“That’s wonderful! You should open up an Etsy business! What about a bridal shop?!? You would make SO much money!” This is a typical response from most people when I tell them I used to work in costumes and I know how to sew. With the rise of Etsy, the ultimate marketplace for handmade goods, and fair trade and social enterprises, the term “handmade” has taken on many meanings. Some think handmade items are poor quality and inconsistent, others see it a unique and quaint profession. Whatever the notion may be, despite the rise of handmade items, I refuse to start an online Etsy business or sew for others, and I’m finding I’m not the only one. There’s certainly talent for it, so why are there craft artisans who leave their talents behind? How big is this boom in the handmade marketplace and are people actually beginning to value the work that goes into these handcrafted items?
When I first considered making clothes or accessories to sell online, I went through a multitude of ideas. I first started out with burp rags and baby blankets, then it was onto aprons, and then hats. Each idea sounded great, but eventually fizzled out. Why? Because as I started to add up supplies, the amount of hours it was taking, and adding in my hourly rates into the mix, I realized no one would want to buy any of these items compared to prices at Target or Wal-Mart. Add in the fact that everyone expects your work to be flawlessly and quickly executed without having to redo anything along the way, and the pressure is on. After all, if I know how to sew (and it’s rare when people do), I should know how to sew everything, right? Anyone who knows how to sew knows this is a tall order and if we really charged a garment for what it’s worth, no one would think to ask us to sew them something. If you want to know what we’d really charge for a handmade custom dress, ask Caroline of She Can Sew in her post “How much for this dress?!? (or what I wish I could tell people)”
But aren’t there companies working towards preserving cultural handicrafts? Yes, but there still exists the idea that their handmade talents are only for tourist souvenirs you hassle for at local craft markets. It also doesn’t help that artisans are typecast as fulfilling a specific role like “seamstress,” “potter,” or “weaver.” This causes some artisans to believe they won’t amount to anything else and could never sell their own products, so they leave it to a middleman salesperson who fails to follow through on giving them pay for their work. How can I be so certain of this? Because I’ve seen it from artisans I’ve worked with in sustainable and ethical fashion companies who tell us how the marketplace and exploitative companies don’t value their work, and because I’ve experienced it myself. Working in costumes, some people expected costumers to crank out a period ball gown like the fairy godmothers in Disney’s “Sleeping Beauty,” without any problems. Telling those outside of costuming that I sewed for a living, I ran the risk of fitting into a certain category. People assumed I constantly sewed for myself, even after long days at work, and that I knew absolutely everything about sewing. This could not be further from the truth since everyone I used to work with in sewing had different levels of experience and knowledge. It was frustrating at times to think that the world only saw me as “Brooke the Seamstress” or “Brooke the Dresser,” all the while wondering if there was more I was capable of or if this was all I would ever be.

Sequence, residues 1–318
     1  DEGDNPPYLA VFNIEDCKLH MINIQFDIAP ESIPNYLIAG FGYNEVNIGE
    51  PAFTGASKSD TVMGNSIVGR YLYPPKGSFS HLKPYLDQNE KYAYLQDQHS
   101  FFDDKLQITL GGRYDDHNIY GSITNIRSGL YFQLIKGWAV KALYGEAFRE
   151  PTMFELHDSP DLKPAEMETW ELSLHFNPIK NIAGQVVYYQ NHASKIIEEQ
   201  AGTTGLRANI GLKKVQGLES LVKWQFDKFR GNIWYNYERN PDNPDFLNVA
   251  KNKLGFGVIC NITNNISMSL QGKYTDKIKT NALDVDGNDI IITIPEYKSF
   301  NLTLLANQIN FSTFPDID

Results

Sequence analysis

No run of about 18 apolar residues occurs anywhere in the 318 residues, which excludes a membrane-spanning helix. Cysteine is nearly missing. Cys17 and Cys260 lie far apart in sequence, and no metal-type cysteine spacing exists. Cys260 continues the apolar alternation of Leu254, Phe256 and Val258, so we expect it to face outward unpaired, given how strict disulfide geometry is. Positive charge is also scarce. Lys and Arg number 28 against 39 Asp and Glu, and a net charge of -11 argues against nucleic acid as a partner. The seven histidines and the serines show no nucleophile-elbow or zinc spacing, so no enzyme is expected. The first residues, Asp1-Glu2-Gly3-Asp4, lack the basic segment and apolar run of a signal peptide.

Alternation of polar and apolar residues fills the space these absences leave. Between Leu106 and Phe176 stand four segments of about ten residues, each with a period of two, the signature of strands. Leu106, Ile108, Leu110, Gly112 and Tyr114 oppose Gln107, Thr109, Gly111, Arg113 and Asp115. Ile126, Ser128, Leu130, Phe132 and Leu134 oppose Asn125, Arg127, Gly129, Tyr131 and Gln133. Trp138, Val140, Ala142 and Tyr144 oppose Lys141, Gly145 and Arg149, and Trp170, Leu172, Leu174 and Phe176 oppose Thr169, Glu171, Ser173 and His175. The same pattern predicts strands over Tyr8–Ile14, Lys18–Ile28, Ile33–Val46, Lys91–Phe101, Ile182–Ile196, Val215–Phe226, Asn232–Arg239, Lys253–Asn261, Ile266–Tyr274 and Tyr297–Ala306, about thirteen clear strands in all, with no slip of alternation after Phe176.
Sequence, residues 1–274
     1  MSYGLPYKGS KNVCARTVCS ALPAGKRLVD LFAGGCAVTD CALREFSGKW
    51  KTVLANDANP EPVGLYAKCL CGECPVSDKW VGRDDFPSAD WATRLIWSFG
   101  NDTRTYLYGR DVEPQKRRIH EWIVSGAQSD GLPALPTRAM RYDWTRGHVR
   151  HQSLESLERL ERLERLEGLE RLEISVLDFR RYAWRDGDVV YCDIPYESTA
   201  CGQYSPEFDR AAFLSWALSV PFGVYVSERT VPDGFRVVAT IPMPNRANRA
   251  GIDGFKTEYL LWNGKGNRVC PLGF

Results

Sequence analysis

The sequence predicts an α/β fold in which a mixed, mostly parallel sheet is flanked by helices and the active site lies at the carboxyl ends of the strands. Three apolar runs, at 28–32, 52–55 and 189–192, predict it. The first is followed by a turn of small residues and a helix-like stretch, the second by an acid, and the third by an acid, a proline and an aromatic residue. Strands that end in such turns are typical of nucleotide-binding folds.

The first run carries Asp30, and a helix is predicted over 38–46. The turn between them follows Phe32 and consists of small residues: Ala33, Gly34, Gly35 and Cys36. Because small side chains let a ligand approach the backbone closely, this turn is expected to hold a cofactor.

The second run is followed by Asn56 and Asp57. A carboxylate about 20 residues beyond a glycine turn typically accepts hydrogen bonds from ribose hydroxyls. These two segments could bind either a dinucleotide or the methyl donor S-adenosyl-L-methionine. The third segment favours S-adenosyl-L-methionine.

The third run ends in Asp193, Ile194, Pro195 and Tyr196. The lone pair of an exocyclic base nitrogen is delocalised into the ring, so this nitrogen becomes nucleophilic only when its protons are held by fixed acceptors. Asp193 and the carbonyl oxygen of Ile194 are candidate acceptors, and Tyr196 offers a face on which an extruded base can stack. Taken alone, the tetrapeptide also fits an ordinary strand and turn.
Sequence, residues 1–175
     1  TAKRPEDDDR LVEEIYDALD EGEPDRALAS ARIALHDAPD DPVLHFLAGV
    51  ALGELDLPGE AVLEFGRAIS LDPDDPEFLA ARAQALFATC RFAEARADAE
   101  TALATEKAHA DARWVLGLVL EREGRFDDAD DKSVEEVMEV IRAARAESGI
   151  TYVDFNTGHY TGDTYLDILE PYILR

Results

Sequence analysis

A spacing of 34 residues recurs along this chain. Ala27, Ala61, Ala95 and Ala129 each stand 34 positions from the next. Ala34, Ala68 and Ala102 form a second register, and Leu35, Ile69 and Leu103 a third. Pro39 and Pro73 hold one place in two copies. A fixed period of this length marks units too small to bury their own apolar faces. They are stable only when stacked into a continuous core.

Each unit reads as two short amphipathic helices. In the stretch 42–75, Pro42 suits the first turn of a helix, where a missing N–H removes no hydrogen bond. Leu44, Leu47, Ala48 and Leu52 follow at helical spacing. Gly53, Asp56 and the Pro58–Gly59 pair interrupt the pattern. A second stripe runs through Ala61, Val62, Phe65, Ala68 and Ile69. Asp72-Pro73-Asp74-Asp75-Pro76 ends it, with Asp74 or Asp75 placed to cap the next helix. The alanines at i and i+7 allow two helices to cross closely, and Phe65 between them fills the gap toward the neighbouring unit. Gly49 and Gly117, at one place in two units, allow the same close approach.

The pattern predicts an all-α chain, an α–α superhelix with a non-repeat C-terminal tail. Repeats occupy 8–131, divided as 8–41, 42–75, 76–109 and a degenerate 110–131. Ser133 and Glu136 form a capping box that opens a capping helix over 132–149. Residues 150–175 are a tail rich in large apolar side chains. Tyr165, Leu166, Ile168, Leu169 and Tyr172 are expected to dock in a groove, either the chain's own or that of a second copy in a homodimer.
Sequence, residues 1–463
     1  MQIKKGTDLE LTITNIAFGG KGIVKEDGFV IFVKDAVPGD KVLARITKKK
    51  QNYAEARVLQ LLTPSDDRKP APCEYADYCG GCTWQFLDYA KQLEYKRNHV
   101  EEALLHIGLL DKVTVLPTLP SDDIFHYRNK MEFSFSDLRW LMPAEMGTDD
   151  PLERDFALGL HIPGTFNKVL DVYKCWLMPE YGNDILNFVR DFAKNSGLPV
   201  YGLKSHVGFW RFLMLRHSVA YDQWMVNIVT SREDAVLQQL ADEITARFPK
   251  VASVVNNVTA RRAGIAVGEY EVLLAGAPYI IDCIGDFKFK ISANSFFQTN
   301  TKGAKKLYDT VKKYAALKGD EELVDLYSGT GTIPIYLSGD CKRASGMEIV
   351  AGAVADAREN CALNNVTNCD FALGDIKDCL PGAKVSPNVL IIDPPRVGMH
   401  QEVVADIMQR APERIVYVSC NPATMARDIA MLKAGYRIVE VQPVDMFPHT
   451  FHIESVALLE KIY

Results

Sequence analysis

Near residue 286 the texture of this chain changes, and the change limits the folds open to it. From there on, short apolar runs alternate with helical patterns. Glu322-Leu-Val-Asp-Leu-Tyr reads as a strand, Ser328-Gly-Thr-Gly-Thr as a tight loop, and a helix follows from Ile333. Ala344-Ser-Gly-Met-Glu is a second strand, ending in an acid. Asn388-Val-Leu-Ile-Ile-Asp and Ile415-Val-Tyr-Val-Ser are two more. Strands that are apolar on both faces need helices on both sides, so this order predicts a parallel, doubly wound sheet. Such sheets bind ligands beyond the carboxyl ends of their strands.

The problem, I’m finding, isn’t necessarily that handicrafts need to be produced with more quality or that artisans aren’t capable of selling their work. What needs to be changed is how people view traditional craft work and the value they see in it. Without having people actually sew in a zipper numerous times, hand sew beading on a wedding dress, or put together the front and back pieces of pant legs over and over again until they figure out how to make the crotch seam one continuous seam, it’s hard for people to understand the amount of work that goes into a garment. It’s a different way of thinking and working and I find my knowledge of sewing is always changing and growing. Like anything in life, you can’t know everything about it and you can’t be perfect at it either. It takes time to make anything accurate and work properly, especially when your materials have a mind of their own. More importantly, it’s vital we have these handmade items to remind us just how much work and effort precision and accuracy require. Owning a handmade item with a traditional technique reminds me that there was someone behind this work. Someone who wants their techniques to be respected, valued, and preserved for years to come. Someone who wants to be seen as more than a stereotype and may possibly want more options beyond their current state, they just aren’t sure where to look. I like to think my purchase for a sustainable or ethical fashion company will lead to more training and workshops to help them decide where to look, wherever that might be.